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National Trust in Spring

PUBLISHED: 00:24 28 February 2012 | UPDATED: 21:06 20 February 2013

Photo by National Trust

Photo by National Trust

The herald of spring brings with it a brand new season for The National Trust as it reopens its doors to the public once more. Emma Ward looks at some of the glories on offer in Standen.

Visitors who have waited for the warmer weather to return can now come along to see the restoration, cataloguing and maintenance work that we have been doing inside our houses across East and West Sussex over the winter, not to mention the gardening and preparation for spring that has taken place in the grounds. You might even be able to see the first flowers of spring, as primroses, snowdrops and the first of the daffodils come into welcome bloom.


Bulb bonanza We know how much our visitors love our colourful spring garden at Standen in East Grinstead, so we spent a long time last year planting more than 10,000 new tulip bulbs in our garden, that will bloom in vibrant colour around late March and into April. We are also very proud of our bluebell woods seen at their bright blue best later on in the spring, but the plants will have already started to poke their leaves and buds above the woodland floor in preparation by now.


Curiosity cured? Inside Standen, our team has worked hard over the winter months to bring our visitors ever-changing displays and artefacts to astonish and amuse. This spring, we are proud to bring you our unique Cabinets of Curiosities exhibition that showcases our curatorial teams very favourite artworks, ornaments and heirlooms from the house and its archives. This is a rare opportunity to see items normally kept in storage, all of which are surrounded by fascinating stories. The exhibition runs at Standen between Wednesday 29 February and Sunday 13 May (check online for opening days and times).


Many of the items on show in this exhibition were given to us very recently by the estate of the late Phyllis Wager, who died last year at the grand age of 99. She was the granddaughter of wealthy solicitor, James Beale and his wife, Margaret, who had the house built, furnished and decorated in the 1890s by well-known Arts & Crafts period names including Philip Webb and William Morris.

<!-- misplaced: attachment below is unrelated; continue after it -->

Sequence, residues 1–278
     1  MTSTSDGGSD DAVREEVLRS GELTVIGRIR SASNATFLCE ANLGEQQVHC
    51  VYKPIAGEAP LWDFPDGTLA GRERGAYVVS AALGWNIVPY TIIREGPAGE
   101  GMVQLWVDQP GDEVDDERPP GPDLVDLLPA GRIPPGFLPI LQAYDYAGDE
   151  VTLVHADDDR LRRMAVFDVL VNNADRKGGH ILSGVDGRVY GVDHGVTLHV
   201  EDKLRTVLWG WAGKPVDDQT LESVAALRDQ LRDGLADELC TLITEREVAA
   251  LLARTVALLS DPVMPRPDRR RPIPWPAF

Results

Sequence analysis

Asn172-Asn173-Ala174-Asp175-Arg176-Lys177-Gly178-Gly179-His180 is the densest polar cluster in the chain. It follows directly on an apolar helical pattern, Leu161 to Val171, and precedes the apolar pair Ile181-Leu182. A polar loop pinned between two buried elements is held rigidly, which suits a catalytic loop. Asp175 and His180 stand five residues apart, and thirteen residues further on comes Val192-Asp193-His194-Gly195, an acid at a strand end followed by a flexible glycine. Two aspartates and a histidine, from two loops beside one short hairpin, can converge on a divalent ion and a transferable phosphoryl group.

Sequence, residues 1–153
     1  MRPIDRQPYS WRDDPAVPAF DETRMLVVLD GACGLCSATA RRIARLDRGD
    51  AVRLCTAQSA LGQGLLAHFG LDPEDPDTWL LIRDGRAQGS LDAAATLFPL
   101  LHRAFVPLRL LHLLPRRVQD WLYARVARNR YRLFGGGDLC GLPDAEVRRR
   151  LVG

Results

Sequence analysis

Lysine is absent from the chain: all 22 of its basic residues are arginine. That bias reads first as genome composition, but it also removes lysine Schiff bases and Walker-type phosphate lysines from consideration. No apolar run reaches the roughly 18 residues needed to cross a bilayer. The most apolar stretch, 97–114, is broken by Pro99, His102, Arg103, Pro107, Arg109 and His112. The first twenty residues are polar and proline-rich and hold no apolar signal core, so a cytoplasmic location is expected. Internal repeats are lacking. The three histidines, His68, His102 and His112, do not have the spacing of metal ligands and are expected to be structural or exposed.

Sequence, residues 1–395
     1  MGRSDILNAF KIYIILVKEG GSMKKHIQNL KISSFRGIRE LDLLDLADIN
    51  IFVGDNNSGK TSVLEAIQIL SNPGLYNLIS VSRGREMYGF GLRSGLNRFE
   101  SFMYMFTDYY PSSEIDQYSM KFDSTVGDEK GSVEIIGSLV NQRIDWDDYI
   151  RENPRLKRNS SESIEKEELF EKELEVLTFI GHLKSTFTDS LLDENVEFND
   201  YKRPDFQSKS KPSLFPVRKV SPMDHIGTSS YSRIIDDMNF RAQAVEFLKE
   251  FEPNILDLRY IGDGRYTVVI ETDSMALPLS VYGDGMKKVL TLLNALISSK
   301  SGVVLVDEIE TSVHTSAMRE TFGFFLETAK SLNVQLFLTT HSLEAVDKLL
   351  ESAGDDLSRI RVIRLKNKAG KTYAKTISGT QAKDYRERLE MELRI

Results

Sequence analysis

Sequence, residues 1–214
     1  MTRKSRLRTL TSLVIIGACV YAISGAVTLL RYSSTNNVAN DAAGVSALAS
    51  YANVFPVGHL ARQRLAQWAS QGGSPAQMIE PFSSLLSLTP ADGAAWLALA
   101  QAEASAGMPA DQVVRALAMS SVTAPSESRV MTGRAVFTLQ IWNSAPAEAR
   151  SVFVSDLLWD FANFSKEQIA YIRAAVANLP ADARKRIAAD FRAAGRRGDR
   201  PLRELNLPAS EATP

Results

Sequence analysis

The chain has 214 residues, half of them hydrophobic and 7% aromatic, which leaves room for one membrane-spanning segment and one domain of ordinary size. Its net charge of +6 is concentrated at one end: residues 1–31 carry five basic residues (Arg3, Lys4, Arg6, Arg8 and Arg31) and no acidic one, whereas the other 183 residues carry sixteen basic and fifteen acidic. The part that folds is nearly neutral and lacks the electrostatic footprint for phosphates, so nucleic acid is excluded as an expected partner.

One particularly interesting artefact from this collection is a blue and white quilted bedspread, handmade by Phyllis mother, Amy (the eldest daughter of James and Margaret) in the 1920s/30s. Another highlight is an ivory silk wedding dress worn by Phyllis grandmother, Margaret at her wedding in 1870. This, along with the quilt, will form the centrepiece of the exhibition.


Mums the word All this attention on early spring flowers, wedding dresses and family heirlooms makes Standen the ideal destination for one of this months key dates: Mothering Sunday, taking place this year on 18 March. Why not bring your mum to see Phyllis Wagers delightful belongings, then take her for a wander in the hillside gardens or perhaps a walk across our woodland estate? And dont forget to stop for some lunch in our restaurant and a browse round the plant shop or gift shop, crammed with beautiful William Morris books and Arts & Crafts-inspired souvenirs before you go home - brownie points will be pretty much guaranteed!


The Trust is looking forward to welcoming you to our West Sussex Arts & Crafts showhouse, Standen this month. Opening days and times vary: visit our website at www.nationaltrust.org.uk/standen

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